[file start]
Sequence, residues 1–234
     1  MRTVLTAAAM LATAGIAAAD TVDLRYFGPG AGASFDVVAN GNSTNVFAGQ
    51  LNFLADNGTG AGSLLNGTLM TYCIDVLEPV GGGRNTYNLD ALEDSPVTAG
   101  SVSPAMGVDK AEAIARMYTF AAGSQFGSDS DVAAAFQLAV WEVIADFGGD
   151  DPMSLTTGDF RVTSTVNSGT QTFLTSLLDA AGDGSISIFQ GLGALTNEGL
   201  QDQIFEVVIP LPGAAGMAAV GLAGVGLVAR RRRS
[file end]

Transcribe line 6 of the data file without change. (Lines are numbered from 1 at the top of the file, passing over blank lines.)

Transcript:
   201  QDQIFEVVIP LPGAAGMAAV GLAGVGLVAR RRRS